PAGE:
The native of the Slovak village of Záhorská Ves started her career in her homeland but later, she also came to perform abroad and was the first Slovak to sing with the Vienna State Opera. Her contract there was extended into the long-term and launched her international career. On June 12, 2017, her bust was unveiled at the opera house, with both Austrian and Slovak artists, culture managers and officials present.
The unveiling was performed by the state secretary of the Slovak Foreign Ministry, Ivan Korčok, and director Otto Schenk who co-decided on her contract there back in 1963. “Her voice had an unbelievable, unique tone,” Schenk said, as quoted by the TASR newswire. “I still cannot get used to the fact that I will not hear this voice live anymore.”
The creator of the statue is Slovak artist Juraj Čutek, who commented that the medium he used – wood – symbolises a material typical of her homeland, Slovakia. The feature meant to stress her uniqueness is the head decoration. “I was inspired by the diadem she wore here, at the Vienna opera, as the Queen of the Night but in this case, it also involves a root that represents a connection with home, land and people who have left Slovakia for the wider world to spread its good reputation there,” Čutek told TASR.
Experts, professionals praise Slovak diva
The current head of the Vienna State Opera, Dominique Meyer, expressed his admiration for Popp who managed to transfuse her inner beauty into her performances. “I am convinced that something from her is still present here, in the Vienna State Opera,” he said. Franz Eugen Dostal, president of the Association for Musical Theatre in Austria and long-time dramaturgy director for the Vienna State Opera, gave a speech at the unveiling.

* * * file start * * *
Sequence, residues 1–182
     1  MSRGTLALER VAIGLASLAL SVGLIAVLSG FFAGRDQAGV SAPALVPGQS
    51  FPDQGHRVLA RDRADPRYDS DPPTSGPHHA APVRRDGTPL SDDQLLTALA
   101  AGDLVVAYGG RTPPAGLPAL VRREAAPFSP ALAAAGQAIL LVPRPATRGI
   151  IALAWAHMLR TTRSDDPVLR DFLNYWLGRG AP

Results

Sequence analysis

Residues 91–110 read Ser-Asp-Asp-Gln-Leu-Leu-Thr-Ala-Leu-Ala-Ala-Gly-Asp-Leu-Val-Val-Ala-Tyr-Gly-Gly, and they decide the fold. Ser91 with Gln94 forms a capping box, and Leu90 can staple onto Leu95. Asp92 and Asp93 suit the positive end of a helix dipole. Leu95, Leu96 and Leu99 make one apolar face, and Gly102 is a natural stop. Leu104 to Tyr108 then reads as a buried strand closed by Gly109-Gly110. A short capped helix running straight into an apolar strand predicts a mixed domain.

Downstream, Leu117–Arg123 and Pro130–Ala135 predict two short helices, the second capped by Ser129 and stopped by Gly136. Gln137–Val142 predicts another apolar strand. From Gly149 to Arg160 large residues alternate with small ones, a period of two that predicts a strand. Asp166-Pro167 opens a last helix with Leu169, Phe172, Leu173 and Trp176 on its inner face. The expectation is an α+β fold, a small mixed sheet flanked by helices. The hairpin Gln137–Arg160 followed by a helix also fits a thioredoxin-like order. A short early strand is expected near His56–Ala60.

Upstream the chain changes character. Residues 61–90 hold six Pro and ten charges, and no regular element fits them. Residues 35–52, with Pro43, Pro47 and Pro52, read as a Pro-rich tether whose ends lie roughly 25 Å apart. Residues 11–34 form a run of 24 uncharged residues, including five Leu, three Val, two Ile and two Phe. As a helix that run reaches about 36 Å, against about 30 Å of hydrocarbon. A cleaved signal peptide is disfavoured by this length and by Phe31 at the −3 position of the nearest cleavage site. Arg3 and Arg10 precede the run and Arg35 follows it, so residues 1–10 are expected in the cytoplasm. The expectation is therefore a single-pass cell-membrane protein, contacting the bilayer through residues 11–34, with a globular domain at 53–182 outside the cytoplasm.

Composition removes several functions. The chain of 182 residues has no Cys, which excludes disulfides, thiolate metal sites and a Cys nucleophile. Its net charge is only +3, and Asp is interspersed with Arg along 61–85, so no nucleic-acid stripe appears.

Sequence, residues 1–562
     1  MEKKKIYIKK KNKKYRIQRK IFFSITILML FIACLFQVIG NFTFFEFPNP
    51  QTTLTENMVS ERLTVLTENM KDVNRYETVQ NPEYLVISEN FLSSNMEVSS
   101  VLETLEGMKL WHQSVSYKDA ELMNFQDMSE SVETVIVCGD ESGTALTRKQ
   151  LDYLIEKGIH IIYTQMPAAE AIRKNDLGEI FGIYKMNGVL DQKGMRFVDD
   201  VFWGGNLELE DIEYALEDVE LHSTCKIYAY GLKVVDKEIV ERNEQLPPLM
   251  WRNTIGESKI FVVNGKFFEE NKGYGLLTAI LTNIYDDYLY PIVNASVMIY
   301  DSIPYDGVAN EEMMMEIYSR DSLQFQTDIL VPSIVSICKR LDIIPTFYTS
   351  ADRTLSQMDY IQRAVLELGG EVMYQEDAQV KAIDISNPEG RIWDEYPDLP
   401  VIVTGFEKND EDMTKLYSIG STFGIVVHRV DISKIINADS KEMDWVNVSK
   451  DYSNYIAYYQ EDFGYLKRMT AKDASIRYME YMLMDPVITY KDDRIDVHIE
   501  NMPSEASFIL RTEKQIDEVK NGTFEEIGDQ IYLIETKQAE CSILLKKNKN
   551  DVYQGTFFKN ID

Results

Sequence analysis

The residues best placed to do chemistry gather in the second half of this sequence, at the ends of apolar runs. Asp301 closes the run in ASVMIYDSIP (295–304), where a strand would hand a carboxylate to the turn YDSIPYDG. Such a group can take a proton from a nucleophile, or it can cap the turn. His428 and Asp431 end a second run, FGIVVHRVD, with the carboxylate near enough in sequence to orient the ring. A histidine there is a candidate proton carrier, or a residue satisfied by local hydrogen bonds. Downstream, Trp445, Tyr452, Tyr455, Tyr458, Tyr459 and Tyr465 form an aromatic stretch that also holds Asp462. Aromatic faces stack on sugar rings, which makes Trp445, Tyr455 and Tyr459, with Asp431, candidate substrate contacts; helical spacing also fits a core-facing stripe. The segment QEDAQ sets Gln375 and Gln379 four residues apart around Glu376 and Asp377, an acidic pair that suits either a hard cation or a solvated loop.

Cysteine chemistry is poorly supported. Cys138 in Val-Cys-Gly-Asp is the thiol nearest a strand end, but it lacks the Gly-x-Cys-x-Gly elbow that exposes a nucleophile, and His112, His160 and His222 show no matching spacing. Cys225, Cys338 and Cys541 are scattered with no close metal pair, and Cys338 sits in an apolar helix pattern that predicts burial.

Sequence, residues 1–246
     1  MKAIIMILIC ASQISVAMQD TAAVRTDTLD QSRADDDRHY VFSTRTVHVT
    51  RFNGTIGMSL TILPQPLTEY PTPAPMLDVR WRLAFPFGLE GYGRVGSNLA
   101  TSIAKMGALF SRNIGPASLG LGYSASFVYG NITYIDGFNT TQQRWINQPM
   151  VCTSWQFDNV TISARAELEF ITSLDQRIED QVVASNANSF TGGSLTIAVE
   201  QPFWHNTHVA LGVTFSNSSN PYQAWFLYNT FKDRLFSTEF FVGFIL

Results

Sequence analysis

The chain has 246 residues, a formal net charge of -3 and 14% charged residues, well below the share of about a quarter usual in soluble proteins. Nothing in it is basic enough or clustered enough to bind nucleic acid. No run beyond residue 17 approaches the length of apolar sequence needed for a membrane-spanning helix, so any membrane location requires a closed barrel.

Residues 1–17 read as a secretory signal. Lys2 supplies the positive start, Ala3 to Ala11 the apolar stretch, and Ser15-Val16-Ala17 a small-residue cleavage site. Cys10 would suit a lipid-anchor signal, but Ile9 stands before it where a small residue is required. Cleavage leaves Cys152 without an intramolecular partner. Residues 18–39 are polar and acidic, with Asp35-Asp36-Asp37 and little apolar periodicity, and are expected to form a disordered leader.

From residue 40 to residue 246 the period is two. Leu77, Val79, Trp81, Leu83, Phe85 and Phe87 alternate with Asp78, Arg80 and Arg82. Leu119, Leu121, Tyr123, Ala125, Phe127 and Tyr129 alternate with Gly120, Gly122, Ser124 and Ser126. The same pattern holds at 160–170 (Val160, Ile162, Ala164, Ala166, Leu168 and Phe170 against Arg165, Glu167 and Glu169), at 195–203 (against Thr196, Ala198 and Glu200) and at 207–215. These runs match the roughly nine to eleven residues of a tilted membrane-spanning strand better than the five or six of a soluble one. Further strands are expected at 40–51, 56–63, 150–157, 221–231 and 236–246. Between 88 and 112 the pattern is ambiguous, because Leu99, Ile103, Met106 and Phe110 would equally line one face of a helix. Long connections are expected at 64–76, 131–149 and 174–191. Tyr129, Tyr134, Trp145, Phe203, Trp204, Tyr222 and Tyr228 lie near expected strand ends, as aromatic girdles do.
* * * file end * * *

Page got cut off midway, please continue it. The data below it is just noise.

From the Slovak side, Bratislava Mayor Ivo Nesrovnal attended the ceremony as well. He likened Popp to a lighthouse, in that she has illuminated the way for her artistic followers who have also won worldwide recognition.
In the accompanying cultural programme, Slovak singers performed: Miroslav and Jaroslav Dvorskýs, Jolana Fogašová, Adriana Kučerová, Tibor Kováč, Petra Pogády and Slovak opera stars like Edita Gruberová and Gabriela Beňačková also attended the festivities.
Popp, a soprano, was renowned mostly for her interpretation of the Queen of the Night in Mozart's Magic Flute and other roles in works by Mozart and Richard Wagner but she was also much in demand as a concert or chamber singer. She also played in two sequels to the Jánošík film. During her career, spanning three decades, she spread the fame of the Slovak operatic school around the world. She was born in 1939 and died in 1993, in Munich; she is buried in Slávičie údolie in Bratislava.